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Higher versus Lower Positive End-Expiratory Pressures in Patients with the Acute Respiratory Distress Syndrome


Most patients requiring mechanical ventilation for acute lung injury and the acute respiratory distress syndrome (ARDS) receive positive end-expiratory pressure (PEEP) of 5 to 12 cm of water. Higher PEEP levels may improve oxygenation and reduce ventilator-induced lung injury but may also cause circulatory depression and lung injury from overdistention. We conducted this trial to compare the effects of higher and lower PEEP levels on clinical outcomes in these patients.


We randomly assigned 549 patients with acute lung injury and ARDS to receive mechanical ventilation with either lower or higher PEEP levels, which were set according to different tables of predetermined combinations of PEEP and fraction of inspired oxygen.


Mean (+/-SD) PEEP values on days 1 through 4 were 8.3+/-3.2 cm of water in the lower-PEEP group and 13.2+/-3.5 cm of water in the higher-PEEP group (P<0.001). The rates of death before hospital discharge were 24.9 percent and 27.5 percent, respectively (P=0.48; 95 percent confidence interval for the difference between groups, -10.0 to 4.7 percent). From day 1 to day 28, breathing was unassisted for a mean of 14.5+/-10.4 days in the lower-PEEP group and 13.8+/-10.6 days in the higher-PEEP group (P=0.50).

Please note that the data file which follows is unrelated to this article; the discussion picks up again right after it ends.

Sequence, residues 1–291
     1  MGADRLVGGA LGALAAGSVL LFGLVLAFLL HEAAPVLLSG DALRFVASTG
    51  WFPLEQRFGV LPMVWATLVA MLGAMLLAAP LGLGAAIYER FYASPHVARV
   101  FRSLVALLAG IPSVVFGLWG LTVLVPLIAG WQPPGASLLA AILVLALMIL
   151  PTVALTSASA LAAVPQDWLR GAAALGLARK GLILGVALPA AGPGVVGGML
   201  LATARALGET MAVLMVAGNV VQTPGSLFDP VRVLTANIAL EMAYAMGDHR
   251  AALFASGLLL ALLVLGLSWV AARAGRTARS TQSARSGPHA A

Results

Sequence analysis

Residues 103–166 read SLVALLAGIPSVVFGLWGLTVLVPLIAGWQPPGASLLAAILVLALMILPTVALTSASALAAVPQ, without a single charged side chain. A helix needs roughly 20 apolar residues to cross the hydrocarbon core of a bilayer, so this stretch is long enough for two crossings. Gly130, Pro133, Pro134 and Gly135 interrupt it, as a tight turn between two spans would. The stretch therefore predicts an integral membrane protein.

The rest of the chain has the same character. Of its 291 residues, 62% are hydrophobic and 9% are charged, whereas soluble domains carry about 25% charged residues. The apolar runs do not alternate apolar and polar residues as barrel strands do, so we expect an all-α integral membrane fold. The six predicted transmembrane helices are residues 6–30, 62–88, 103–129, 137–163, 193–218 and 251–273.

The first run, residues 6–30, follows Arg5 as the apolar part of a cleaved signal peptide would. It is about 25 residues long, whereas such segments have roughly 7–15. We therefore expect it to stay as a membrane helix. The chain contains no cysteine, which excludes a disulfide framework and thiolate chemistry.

These results suggest that in patients with acute lung injury and ARDS who receive mechanical ventilation with a tidal-volume goal of 6 ml per kilogram of predicted body weight and an end-inspiratory plateau-pressure limit of 30 cm of water, clinical outcomes are similar whether lower or higher PEEP levels are used.

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